Peter Sagan through the years

Veni Vidi Vici

Today we focus on Peter Sagan, one of my favourite cyclists. I don’t know any Slowakian words to describe him in, but I guess best is the classical Latin phrase ‘Veni Vidi Vici’. It means ‘I came I saw and I conquered’. Although the phrase is in the past tense, Peter it still doing it as we speak! Below we dive in Sagan’s performance over the past years. At the moment Peter is 28 years old and he has been around in the peloton quite a while. We have his race results since 2012. If you want to go back even further in history you can take a look at the full rider profile at ProCycling Stats. Keep on reading and discover how Sagan developed over the years and how wrong the critics were in the beginning of the 2018 season.

Number of wins

Lets start with the number of wins over the years. This is shown in Figure 1. Note that here the size of the bubble indicates the number of races and the color shows the average level of the races. As you can see in terms of absolute wins 2013 was a great season for Sagan. This included a tour stage victory and the green jersey, but also at least two stage wins in the Tour of Oman, Tirreno, Tour of California, Tour de Suisse. USA Pro Challenge and the Tour of Alberta. With respect to that 2014 must have felt like a slight dissapointment, although I’m sure most other riders can only dream about 7 season victories or and green jerseys in the Tour de France, Tour de Suisse ánd Tour of California. The years 2012, 2016 and 2017 could be considered the ‘Sagan Average’ and 2015 and 2018 appear to just below his average.

Figure 1: Number of wins over the years, together with the number of races (bubble size) and % of wins (color).

But wait …. let’s take a closer look at the color of the bubbles. 2013 is very very blue, and 2018 bright yellow. This is the difference in the level of the competitions. In 2013 50% of the races were not part of the UCI world tour. Compare this to 2018, where each race Sagan participated in was at the World Tour level. To be honest, the results in 2018 are not as good as 2017 if you look at wins. So in case you are the glass-half-full kind of guy (🍺) take a look at Figure 2. This plot shows UCI points instead of wins and now 2018 could be considered quite a succesful season (accounting for the level of the races).

Figure 2: UCI points over the years, together with number of races (bubble size) and average race level (color)

Favourite race (profile)

In the previous two figures we discovered by the colors of the bubbles that Sagan has moved from quite a mixed race level to a World tour only schedule in 2018. In Table 1 you can find the races that Peter competed in for at least three times since 2012, orderd by the percentage of wins. In addition to that we provide the race class, the total number of years Sagan participated in the race (#yrs), and the total number of stages he started in (#stages). As for the results you find back the total number of UCI points as well as the number of wins (#wins), top 10 results (#top10) and the percentage of wins and top 10 classification relative to the number of stages. The table contains a lot of information, so let’s focus on some highlights:

  • Sagain (pun intended) has not been Slowakian national champion every year. The title did stay in the family though.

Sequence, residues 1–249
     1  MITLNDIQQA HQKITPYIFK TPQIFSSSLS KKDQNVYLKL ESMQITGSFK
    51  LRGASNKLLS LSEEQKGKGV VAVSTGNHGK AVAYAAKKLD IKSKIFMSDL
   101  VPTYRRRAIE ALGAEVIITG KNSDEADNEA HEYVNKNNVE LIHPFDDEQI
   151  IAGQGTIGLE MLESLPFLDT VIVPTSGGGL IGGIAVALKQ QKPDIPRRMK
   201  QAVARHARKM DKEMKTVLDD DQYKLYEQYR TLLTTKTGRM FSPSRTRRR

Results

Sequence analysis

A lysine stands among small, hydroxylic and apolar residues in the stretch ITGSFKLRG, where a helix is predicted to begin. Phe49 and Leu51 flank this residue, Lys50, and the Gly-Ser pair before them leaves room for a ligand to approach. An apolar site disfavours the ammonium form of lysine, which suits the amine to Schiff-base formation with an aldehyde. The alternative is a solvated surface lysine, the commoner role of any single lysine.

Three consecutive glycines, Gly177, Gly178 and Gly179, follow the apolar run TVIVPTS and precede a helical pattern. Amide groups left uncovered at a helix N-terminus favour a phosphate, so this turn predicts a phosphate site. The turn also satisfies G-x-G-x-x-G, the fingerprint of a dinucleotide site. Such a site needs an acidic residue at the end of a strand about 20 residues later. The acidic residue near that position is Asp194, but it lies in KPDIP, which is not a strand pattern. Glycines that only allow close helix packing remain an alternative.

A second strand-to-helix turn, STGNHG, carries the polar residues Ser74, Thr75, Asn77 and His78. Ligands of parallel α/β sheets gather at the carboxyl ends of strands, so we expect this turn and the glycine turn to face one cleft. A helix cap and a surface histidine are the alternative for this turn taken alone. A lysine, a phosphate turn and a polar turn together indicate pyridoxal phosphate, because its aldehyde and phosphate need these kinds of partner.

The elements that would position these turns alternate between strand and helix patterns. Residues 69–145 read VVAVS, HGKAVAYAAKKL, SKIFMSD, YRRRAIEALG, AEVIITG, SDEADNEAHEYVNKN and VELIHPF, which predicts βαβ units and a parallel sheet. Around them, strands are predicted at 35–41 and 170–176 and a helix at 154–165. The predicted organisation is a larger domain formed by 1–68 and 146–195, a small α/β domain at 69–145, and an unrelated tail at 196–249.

• From the seven World Championships during 2012-2018 Sagan won 3, but also ended up in the top 10 in five out of seven races!
  • Gent-Wevelgem is definitely Sagan’s favourite Flemish Classic. Each occasion Peter ended up in the top 10 of which three times as number one.
  • In more half of the Tour de Suisse stages Sagan ends up in the top 10.
  • Sagan participates seven times in Milan - San Remo and each time ended up in the top 10, except never as number one.

Take a look for yourself and share your most interesting observation with the rest of the world.

For quite some stages and races we were able to recover profile information. Table 2 shows the percentage of top 10 classifications per profile type. It appears that in 2018 Sagan was relatively successful on the flat stages (FL) compared to earlier years. During the period 2013-2017 he was relatievely stronger in more hilly races with a flat finish (HI-FL).

In Shape(shifter)?

Now what about early 2018? Some people were trying to look on the not so bright side of Sagan’s results. But was that justified. To investigate this we look at all results in the first three months of the year since 2012. To be honest, I don’t understand what all the fuzz was about. Take a look at Figure 3 (this figure can be interpreted the same way as Figure 1). Compared with 2017 there was 1 win less, but that’s still way more than in 2015 and 2016. The UCI points in Figure 4 also show that it lags slightly compared to 2017, but is seriously good compared to earlier years. Plus all those points are earned at the world tour level

Figure 3: Number of wins during Jan-Mar over the years, together with the number of races (bubble size) and % of wins (color).

Figure 4: UCI points during Jan-Mar over the years, together with number of races (bubble size) and average race level (color)

To cut a long post short - the results of Peter Sagan are really impressive. Year after year and race after race this guy is among the best and there is no sign that the Sagan era will end anytime soon (fortunately not!). Oh don’t forget to follow the guy or his team on Twitter and while you’re at it say hi.